Research Synthesis Methods.2023; 14(3): 563.     CrossRef
  • Circulating 25-hydroxyvitamin D levels and hypertension risk after adjusting for publication bias
    Jong-Myon Bae
    Clinical Hypertension.2022;[Epub]     CrossRef
  • Coffee Consumption and Risk of Prostate Cancer in Local, Advanced, and Fatal Grades: A Meta-Epidemiological Study of Prospective Cohort Studies
    Jong-Myon Bae
    The Korean Journal of Urological Oncology.2021; 19(1): 16.     CrossRef
  • Sex as an effect modifier in the association between alcohol intake and gastric cancer risk
    Jong-Myon Bae
    World Journal of Gastrointestinal Oncology.2021; 13(5): 453.     CrossRef
  • Coffee consumption and risk of type 2 diabetes mellitus in Asians: A meta-epidemiological study of population-based cohort studies
    Jong-Myon Bae
    World Journal of Diabetes.2021; 12(6): 908.     CrossRef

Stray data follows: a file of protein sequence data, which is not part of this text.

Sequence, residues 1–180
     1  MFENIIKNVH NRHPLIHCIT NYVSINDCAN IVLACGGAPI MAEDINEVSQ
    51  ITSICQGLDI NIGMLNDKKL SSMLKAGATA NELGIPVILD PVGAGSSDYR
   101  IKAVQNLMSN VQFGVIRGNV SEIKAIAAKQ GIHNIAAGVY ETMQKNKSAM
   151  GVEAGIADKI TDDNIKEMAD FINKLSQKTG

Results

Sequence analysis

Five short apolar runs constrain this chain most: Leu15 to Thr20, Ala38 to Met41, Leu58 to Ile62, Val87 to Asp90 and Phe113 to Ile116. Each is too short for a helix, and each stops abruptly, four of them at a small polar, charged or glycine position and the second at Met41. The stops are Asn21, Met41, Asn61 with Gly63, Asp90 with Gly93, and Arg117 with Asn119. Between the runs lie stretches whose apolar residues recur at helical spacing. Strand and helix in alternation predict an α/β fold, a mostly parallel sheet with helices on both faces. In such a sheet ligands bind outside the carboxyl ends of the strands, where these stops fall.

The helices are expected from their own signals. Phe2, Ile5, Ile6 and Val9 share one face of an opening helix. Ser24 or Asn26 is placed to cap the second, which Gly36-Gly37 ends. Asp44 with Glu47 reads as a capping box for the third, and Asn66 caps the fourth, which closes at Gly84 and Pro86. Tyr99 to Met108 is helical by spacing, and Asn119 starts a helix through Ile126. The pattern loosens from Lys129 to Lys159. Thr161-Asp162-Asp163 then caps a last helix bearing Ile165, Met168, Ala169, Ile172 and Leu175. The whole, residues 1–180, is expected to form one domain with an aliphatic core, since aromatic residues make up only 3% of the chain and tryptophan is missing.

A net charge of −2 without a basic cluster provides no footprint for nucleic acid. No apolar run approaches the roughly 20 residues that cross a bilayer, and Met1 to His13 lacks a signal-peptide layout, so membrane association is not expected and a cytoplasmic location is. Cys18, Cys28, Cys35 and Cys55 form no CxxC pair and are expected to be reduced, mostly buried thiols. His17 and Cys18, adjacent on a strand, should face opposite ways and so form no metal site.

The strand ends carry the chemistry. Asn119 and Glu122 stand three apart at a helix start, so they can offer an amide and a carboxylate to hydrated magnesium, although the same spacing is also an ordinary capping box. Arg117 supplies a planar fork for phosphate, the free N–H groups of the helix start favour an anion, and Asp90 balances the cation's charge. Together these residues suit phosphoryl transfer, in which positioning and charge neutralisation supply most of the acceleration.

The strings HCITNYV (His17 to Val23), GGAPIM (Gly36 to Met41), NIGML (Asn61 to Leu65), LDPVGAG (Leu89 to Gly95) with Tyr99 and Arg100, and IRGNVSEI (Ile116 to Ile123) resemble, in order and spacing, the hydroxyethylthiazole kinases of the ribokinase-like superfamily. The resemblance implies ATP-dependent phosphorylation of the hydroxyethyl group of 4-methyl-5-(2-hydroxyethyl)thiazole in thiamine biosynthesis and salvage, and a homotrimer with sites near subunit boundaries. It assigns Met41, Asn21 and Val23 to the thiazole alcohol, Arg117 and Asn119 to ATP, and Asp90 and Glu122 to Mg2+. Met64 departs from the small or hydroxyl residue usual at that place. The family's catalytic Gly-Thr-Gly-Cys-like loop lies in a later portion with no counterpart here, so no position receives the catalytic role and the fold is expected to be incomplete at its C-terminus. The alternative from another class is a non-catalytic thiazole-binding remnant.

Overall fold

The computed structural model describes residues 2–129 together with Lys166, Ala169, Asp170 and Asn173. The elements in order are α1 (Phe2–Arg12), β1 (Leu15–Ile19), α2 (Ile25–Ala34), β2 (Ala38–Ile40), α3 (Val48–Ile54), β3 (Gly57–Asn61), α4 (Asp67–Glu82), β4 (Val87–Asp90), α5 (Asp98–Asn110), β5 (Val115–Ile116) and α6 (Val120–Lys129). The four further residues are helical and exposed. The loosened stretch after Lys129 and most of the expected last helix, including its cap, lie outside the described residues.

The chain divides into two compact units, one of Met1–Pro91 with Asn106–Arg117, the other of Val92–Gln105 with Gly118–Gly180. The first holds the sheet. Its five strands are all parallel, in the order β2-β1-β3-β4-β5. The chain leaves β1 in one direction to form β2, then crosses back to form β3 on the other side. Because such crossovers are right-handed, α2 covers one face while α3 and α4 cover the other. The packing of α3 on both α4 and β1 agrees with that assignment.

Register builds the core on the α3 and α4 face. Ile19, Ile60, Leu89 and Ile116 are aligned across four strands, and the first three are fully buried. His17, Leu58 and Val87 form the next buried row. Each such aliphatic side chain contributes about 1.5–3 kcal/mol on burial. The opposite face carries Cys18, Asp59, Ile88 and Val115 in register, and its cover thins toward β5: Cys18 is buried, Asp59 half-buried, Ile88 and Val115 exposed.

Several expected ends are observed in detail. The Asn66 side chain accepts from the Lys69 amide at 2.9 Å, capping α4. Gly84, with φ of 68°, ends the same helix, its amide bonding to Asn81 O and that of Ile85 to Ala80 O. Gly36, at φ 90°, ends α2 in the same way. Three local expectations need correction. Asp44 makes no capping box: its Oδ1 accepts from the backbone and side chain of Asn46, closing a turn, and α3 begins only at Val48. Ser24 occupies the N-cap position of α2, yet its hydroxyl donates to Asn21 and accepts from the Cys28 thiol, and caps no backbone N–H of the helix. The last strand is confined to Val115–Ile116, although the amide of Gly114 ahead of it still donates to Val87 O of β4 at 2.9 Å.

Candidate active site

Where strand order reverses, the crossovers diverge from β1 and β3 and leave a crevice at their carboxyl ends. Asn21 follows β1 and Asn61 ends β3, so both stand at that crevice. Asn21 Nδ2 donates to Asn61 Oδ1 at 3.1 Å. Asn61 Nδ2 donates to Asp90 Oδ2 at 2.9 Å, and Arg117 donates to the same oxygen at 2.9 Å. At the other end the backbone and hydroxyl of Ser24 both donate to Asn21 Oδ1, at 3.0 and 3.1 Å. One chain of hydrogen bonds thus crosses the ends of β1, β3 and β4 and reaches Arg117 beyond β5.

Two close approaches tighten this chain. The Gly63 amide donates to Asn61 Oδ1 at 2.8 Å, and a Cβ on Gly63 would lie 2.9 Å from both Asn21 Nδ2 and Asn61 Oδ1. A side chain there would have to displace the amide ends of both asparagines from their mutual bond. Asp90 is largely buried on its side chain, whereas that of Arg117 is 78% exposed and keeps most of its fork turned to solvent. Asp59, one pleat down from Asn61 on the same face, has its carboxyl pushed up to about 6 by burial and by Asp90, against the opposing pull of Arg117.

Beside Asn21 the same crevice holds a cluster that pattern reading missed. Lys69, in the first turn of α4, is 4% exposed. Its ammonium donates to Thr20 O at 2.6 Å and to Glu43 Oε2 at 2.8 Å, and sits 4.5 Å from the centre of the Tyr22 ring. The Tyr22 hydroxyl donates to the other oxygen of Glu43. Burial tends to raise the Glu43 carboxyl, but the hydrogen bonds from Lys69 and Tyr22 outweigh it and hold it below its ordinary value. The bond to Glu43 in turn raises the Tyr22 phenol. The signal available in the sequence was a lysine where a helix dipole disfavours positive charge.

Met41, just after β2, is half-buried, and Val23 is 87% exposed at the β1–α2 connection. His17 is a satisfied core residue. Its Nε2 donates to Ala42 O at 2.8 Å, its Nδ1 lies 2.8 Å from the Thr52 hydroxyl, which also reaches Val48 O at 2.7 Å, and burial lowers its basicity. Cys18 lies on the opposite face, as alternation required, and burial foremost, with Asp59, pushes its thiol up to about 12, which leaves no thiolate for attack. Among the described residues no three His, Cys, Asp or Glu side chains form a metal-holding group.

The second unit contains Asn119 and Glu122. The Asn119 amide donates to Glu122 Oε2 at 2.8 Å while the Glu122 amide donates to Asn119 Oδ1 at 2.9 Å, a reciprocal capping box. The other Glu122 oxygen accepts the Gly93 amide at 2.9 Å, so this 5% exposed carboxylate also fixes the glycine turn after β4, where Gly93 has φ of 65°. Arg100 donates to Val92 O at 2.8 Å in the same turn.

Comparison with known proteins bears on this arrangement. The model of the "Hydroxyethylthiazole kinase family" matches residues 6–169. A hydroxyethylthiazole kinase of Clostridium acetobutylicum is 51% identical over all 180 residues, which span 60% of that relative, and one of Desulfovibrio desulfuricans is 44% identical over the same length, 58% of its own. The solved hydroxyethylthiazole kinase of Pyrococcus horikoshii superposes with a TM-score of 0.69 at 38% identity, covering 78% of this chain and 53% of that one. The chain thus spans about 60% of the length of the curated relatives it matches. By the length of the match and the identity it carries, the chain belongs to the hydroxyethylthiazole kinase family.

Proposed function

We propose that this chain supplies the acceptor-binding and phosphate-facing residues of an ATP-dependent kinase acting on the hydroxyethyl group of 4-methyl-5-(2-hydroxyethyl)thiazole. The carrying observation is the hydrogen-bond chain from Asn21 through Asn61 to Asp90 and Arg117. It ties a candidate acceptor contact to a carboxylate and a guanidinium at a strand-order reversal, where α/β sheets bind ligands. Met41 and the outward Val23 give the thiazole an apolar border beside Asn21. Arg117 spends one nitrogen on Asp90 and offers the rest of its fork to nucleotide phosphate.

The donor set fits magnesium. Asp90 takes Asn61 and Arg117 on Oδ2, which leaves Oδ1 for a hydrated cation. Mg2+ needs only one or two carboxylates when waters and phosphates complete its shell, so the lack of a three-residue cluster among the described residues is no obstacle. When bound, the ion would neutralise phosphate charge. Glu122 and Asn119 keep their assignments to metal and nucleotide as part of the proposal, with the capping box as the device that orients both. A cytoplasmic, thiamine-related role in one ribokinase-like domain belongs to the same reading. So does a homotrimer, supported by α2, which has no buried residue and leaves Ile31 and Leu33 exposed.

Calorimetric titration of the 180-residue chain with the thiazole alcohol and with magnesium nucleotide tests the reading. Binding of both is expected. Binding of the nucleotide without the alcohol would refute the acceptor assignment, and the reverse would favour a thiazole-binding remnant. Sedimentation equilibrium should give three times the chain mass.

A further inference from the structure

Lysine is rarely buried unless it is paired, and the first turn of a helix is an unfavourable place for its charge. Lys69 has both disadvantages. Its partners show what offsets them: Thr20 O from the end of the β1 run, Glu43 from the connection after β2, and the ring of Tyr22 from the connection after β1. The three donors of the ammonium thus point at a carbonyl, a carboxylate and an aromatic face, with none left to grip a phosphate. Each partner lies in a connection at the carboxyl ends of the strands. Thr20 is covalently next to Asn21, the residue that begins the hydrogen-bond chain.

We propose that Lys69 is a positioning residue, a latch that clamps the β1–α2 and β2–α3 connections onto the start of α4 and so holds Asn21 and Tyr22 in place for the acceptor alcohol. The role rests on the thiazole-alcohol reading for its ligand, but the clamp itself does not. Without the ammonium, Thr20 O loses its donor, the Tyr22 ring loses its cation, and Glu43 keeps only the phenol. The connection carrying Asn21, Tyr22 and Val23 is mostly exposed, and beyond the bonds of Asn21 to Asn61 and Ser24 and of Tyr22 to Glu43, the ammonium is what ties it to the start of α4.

• Hormonal Replacement Therapy and Risk of Thyroid Cancer in Women: A Meta-Epidemiological Analysis of Prospective Cohort Studies
    Jong-Myon Bae
    Journal of Menopausal Medicine.2021; 27(3): 141.     CrossRef
  • History of Diabetes Mellitus and Risk of Breast Cancer in Asian Women: A Meta-Epidemiological Analysis of Population-Based Cohort Studies
    Jong-Myon Bae
    Journal of Menopausal Medicine.2020; 26(1): 29.     CrossRef
  • Body Mass Index and Risk of Gastric Cancer in Asian Adults: A Meta-Epidemiological Meta-Analysis of Population-Based Cohort Studies
    Jong-Myon Bae
    Cancer Research and Treatment.2020; 52(2): 369.     CrossRef
  • History of Coffee Consumption and Risk of Alzheimer's Disease: a Meta-epidemiological Study of Population-based Cohort Studies
    Jong-Myon Bae
    Dementia and Neurocognitive Disorders.2020; 19(3): 108.     CrossRef
  • History of Diabetes Mellitus and Risk of Prostate Cancer: A Meta-Epidemiological Study of Population-Based Cohort Studies in East Asian Men